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Do I Still Have To Pay Student Loans If I File Bankruptcy?

One of the most overwhelming debts to have is student loan debt. Most student loans are the largest debt a consumer has, other than their house, and the payments can be sky high. Simply put the cost of getting an education is sometimes more than the salary you are paid once your education is complete. Not only is this overwhelming, but it is also quite frustrating. In order to deal with this problem some people turn to consolidation companies and others look for jobs that provide repayment as a benefit. Still yet there are opportunities out there that forgive your student loan debt if you meet certain requirements, such as working in public service for a set time period after graduation.

One of the most common questions about student loans though is whether bankruptcy will clear them from your debt load. The quick answer is “no”, even in bankruptcy student loans are still required to be paid. That said, there are unique cases where the Court will order that the student loans do not have to be repaid. This requires showing the Court these things:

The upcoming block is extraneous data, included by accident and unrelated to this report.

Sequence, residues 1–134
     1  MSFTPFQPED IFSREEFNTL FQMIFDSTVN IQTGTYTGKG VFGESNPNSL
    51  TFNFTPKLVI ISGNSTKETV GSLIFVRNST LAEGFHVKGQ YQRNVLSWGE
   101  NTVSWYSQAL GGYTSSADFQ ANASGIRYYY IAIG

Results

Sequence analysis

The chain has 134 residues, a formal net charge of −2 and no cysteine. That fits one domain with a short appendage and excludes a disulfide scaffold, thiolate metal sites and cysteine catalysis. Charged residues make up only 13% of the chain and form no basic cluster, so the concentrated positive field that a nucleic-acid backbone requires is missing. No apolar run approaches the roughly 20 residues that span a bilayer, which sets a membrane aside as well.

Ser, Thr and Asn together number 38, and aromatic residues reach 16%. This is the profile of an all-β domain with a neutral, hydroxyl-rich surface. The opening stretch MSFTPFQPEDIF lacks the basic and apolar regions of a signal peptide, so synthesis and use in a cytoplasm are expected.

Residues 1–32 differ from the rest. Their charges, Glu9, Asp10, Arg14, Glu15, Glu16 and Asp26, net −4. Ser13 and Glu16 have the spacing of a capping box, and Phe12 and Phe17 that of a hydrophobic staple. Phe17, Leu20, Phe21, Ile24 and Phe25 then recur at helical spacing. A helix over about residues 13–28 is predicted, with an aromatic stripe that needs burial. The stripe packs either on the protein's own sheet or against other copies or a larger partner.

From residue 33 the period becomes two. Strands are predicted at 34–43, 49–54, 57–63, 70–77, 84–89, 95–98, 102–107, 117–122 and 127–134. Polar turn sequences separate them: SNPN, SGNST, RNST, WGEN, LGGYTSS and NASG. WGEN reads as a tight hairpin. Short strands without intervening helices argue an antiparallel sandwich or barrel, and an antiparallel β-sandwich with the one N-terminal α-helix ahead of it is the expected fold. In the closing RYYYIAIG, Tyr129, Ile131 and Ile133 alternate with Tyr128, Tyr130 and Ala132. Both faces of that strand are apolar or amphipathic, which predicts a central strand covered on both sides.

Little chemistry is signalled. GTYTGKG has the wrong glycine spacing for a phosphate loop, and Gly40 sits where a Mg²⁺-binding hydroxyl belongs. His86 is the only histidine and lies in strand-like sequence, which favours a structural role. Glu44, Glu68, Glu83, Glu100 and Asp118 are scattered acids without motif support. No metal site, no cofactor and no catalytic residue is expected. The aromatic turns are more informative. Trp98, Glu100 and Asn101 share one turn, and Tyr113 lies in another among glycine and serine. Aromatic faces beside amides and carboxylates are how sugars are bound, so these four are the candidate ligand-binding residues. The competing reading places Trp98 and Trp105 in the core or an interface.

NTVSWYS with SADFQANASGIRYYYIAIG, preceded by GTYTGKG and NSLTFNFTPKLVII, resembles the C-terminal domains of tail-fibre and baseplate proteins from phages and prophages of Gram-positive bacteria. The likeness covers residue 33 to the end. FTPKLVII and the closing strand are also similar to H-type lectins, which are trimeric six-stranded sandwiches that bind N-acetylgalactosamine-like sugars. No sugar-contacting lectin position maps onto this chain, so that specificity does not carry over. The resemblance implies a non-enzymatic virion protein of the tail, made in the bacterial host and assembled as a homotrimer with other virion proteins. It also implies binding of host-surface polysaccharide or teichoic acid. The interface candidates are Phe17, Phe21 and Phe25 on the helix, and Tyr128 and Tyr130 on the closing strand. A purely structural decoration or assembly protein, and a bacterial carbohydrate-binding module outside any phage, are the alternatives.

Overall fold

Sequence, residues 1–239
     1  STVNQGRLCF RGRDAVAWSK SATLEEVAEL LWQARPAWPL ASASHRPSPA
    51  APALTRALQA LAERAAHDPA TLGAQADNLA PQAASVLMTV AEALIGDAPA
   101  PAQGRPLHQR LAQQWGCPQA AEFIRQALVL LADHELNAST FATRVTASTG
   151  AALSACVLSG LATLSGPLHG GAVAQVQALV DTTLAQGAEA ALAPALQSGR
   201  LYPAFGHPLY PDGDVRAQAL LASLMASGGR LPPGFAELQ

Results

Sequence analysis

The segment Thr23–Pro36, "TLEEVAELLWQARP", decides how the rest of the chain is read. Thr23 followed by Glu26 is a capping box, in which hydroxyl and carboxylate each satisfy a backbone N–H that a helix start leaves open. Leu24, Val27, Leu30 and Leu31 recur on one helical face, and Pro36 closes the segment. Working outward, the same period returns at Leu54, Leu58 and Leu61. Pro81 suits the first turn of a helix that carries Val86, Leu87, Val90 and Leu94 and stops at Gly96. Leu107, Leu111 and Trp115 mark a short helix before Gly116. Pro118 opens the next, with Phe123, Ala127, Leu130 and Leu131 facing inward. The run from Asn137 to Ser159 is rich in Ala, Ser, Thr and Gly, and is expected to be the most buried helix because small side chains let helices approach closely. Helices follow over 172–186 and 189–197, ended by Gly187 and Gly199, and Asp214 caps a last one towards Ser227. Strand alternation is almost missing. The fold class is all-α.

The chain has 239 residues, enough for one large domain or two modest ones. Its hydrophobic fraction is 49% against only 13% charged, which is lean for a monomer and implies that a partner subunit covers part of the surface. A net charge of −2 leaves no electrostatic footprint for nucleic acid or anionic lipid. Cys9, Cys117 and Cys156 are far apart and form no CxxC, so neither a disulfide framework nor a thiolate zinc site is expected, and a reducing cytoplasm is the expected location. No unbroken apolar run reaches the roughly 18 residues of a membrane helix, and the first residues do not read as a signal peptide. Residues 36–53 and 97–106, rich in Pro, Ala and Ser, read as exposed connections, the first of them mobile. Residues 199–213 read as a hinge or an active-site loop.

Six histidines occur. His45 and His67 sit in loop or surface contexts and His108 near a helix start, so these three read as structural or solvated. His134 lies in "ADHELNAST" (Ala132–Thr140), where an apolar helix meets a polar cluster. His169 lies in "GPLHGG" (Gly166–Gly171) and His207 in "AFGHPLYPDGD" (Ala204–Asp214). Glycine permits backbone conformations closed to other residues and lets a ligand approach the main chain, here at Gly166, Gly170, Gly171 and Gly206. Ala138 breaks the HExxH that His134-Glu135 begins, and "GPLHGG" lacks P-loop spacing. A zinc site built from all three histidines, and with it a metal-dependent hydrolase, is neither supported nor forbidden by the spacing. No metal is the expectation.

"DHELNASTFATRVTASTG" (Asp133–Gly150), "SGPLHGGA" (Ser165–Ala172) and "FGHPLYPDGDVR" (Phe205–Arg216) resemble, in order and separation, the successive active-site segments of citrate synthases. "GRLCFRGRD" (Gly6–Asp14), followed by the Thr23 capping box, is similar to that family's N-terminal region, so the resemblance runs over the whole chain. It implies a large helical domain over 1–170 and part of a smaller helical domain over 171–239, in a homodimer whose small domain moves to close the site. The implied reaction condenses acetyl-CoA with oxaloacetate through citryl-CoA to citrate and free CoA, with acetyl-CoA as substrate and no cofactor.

• That repayment works a significant hardship on not only you, but also on your dependents.
  • That you have made a good faith effort to repay your student loan debt.
  • That the chances of you being able to find employment that allows repayment of even the smallest amount is highly unlikely.

This is a hard test to meet and most people do not get their student loans wiped out in bankruptcy. What bankruptcy can do for you though is eliminate other debt so that you have more disposable income each month and can put that disposable income toward your student loans. For example, in a Chapter 7 you are allowed to discharge all of your unsecured debt. This means all of those high interest rate credit card balances go away, and you can put the monthly payment that you were making to the credit card companies toward payment on your student loan. In this way bankruptcy shuffles your debt so you are in a better position to pay the things that still have to be paid. To find out more, call our office today.

For more information about bankruptcy and how your student loans are impacted when you file, contact us at We will help by coming up with solutions that work for you.

6 of 10 DATE: June 17, 2016

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